WASHINGTON—The White House is girding for more than a week of battle with Congress over President Barack Obama‘s plan to launch limited military strikes against the Syrian regime for its alleged use of chemical weapons last month.

To back the administration’s position, Secretary of State John Kerry said Sunday that the U.S. had obtained new blood and hair samples from inside Syria that confirmed President Bashar al-Assad’s regime used sarin, a powerful nerve agent, against civilians in an Aug. 21 attack on an eastern Damascus suburb.

Mr. Kerry said he believed this new evidence will help the White House build more support on Capitol Hill and among allies in Europe and the Middle East to take military action aimed at degrading Mr. Assad’s ability to conduct chemical warfare.

The leaders of the House and Senate said they would hold votes on the need for military action in Syria during the week of Sept. 9.

“If the United States is unwilling to lead a coalition of people who are prepared to stand up for the international norm with respect to chemical weapons that’s been in place since 1925, if we are unwilling to do that, we will be granting a blanket license to Assad to continue to gas,” Mr. Kerry said on ABC’s “This Week.” “We will send a terrible message to the North Koreans, Iranians and others who might be trying to read how serious is America.”

Mr. Obama said on Saturday that he has decided he should order a limited military strike against Syria, but in an about-face he said he would ask Congress to authorize the mission.

Leading Republican and Democratic lawmakers said over the weekend that Mr. Obama is going to face a major political fight to gain Congress’s approval, which requires the majority of both the House and Senate to vote in favor of military action.

Mr. Assad’s regime, meanwhile, mocked Mr. Obama’s decision to seek congressional approval for military action, claiming the U.S. had lost its nerve and was fading as a global superpower.

Diplomats and activists in Europe said they would use the congressional debate in Washington to try to build up even greater opposition to military action in Syria.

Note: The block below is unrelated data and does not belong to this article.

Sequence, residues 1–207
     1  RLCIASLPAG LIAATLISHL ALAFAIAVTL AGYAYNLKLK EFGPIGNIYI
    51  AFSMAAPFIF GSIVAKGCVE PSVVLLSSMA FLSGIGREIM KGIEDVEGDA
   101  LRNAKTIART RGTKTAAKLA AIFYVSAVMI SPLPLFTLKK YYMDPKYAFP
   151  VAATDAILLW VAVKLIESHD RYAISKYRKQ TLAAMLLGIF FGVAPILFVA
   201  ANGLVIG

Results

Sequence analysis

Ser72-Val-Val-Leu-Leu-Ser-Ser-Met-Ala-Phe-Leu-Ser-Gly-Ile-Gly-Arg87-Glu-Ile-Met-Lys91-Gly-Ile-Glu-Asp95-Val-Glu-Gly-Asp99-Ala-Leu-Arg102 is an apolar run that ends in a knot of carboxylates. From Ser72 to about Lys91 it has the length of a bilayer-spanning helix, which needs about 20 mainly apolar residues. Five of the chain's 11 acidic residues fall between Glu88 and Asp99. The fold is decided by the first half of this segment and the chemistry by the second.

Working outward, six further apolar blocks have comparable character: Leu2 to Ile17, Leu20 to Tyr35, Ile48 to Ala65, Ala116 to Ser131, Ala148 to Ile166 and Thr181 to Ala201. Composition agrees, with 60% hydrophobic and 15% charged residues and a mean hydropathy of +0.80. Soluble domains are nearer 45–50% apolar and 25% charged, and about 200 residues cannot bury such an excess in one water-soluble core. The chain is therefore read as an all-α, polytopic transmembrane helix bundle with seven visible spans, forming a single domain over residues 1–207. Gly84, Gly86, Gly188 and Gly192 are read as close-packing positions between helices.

France has so far been the only nation in Europe to say it will support Mr. Obama in attacking Syria, with the U.K., Germany and Italy saying they wouldn’t participate in any military intervention. But politicians in Paris said they would use the next 10 days to try to block President François Hollande’s decision to support Washington.

“Like in the U.S. and the U.K., the president must organize a formal vote in Parliament,” Jean-Louis Borloo, head of France’s UDI centrist party, tweeted in his account Sunday.

Opposition on Capitol Hill to Mr. Obama’s plans for Syria emerged across party lines and among many conservatives and liberals.

Leading hawks on Syria, including John McCain (R., Ariz.) and Lindsey Graham (R., S.C.), said they would oppose Mr. Obama’s policy if it didn’t go far enough in weakening Mr. Assad’s regime and preparing for a change of government in Damascus.

Opponents of military action said the bombing of Syria risked quickly escalating and bringing in Mr. Assad’s chief international backers, Iran and the Lebanese militant group Hezbollah.

They also worried that a U.S. attack on Syria would serve only to ensure a stalemate in the Arab country while continuing to flooding its neighbors with refugees.

“I’m not sending my son, your son, to fight for a stalemate,” said Sen. Rand Paul, (R., Ky.) on NBC’s “Meet the Press.”

Neither House nor Senate leaders said they were formally calling their members back to Washington before the scheduled Sept. 9 end of their August recess, but House members got a classified briefing on the Syria crisis Sunday afternoon with officials from the White House, the State Department, the Defense Department and the Office of the Director of National Intelligence.

The Senate Foreign Relations Committee will be reconvening early to hold a hearing Tuesday on the resolution to authorize the use of force, but there could be more than one. Foreign Relations Chairman Bob Menendez (D., N.J.) said “senior administration witnesses will testify” this week.